This code opens up a new low-level CRT handle to the correct console output handle, associates a new stream with that low-level handle, and replaces stdout with that new stream. This process takes care of functions that use stdout, such as printf(), puts(), and so forth. Use the same procedure for stdin and stderr.

Note that this code does not correct problems with handles 0, 1, and 2. In fact, due to other complications, it is not possible to correct this, and therefore it is necessary to use stream I/O instead of low-level I/O.

When a GUI application is started with the "start" command, the three standard OS handles STD_INPUT_HANDLE, STD_OUTPUT_HANDLE, and STD_ERROR_HANDLE are all "zeroed out" by the console initialization routines. These three handles are replaced by valid values when the GUI application calls AllocConsole(). Therefore, once this is done, calling GetStdHandle() will always return valid handle values. The problem is that the CRT has already completed initialization before your application gets a chance to call AllocConsole(); the three low I/O handles 0, 1, and 2 have already been set up to use the original zeroed out OS handles, so all CRT I/O is sent to invalid OS handles and CRT output does not appear in the console. Use the workaround described above to eliminate this problem.

In the case of starting the GUI application from the command line without the "start" command, the standard OS handles are NOT correctly zeroed out, but are incorrectly inherited from CMD.EXE. When the application's CRT initializes, the three low I/O handles 0, 1, and 2 are initialized to use the three handle numbers that the application inherits from CMD.EXE. When the application calls AllocConsole(), the console initialization routines attempt to replace what the console initialization believes to be invalid standard OS handle values with valid handle values from the new console. By coincidence, because the console initialization routines tend to give out the same three values for the standard OS handles, the console initilization will replace the standard OS handle values with the same values that were there before--the ones inherited from CMD.EXE. Therefore, CRT I/O works in this case.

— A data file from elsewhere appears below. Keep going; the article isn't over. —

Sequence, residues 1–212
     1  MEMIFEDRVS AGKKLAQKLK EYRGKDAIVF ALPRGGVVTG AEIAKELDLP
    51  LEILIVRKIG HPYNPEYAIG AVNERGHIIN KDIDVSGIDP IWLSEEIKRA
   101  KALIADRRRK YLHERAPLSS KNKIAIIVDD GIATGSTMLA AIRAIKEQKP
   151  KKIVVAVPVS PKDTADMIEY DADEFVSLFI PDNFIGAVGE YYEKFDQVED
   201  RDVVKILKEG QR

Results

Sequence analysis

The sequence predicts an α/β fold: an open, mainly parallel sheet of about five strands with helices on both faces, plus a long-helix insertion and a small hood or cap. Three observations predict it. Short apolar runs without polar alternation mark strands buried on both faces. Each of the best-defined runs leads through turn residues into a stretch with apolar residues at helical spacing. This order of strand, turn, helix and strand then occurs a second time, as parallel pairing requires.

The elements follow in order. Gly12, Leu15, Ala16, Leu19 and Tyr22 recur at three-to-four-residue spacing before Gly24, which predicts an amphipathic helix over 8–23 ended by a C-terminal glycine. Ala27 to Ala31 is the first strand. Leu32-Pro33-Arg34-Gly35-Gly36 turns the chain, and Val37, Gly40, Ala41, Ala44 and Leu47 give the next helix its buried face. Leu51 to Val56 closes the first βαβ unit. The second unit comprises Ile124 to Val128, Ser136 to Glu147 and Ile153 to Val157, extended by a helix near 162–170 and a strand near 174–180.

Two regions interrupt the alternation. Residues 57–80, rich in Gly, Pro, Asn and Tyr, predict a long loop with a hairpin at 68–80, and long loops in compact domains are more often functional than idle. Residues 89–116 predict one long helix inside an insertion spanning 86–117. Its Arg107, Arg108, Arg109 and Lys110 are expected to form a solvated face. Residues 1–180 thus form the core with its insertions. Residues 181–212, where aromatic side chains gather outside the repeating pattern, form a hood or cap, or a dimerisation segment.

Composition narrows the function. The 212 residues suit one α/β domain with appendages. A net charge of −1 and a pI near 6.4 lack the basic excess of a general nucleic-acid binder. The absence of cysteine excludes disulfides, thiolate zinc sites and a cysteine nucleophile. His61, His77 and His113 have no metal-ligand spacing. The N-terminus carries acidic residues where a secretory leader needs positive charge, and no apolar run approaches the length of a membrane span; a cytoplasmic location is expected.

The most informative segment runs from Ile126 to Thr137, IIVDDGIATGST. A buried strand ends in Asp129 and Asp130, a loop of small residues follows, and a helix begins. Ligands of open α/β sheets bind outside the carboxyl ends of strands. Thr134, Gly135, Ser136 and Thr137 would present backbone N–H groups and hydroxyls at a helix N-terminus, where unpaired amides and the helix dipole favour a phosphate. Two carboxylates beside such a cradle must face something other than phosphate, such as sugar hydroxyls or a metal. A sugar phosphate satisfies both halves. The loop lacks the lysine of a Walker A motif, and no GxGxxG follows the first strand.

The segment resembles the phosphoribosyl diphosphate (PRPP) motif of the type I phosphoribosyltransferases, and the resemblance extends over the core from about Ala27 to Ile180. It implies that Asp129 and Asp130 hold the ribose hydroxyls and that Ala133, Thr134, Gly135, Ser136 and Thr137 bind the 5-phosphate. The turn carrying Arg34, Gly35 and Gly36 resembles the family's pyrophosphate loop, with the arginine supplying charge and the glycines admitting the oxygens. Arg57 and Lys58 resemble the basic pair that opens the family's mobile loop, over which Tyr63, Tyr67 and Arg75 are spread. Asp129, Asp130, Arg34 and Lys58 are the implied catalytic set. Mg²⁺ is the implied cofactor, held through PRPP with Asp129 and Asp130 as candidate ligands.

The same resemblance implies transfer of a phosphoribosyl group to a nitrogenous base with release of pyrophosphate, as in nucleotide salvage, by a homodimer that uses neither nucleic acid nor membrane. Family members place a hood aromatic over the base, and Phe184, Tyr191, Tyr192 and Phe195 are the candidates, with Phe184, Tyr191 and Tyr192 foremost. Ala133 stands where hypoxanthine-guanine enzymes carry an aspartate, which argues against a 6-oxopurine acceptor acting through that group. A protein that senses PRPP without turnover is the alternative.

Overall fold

It is important to realize that the ability to use CRT routines from a GUI application run from the command line was not by design so this may not work in future versions of Windows NT or Windows. In a future version, you may need the workaround not just for applications started on the command line with "start <application name>", but also for applications started on the command line with "application name".
roman_milAuthor Commented:
I need the staff not for debugging , but for log in run-time.Maybee you can suggest better solution for looging?
(not file).
roman_milAuthor Commented:
I need the staff not for debugging , but for log in run-time.Maybee you can suggest better solution for looging?
(not file).
roman_milAuthor Commented:
I need the staff not for debugging , but for log in run-time.Maybee you can suggest better solution for looging?
(not file).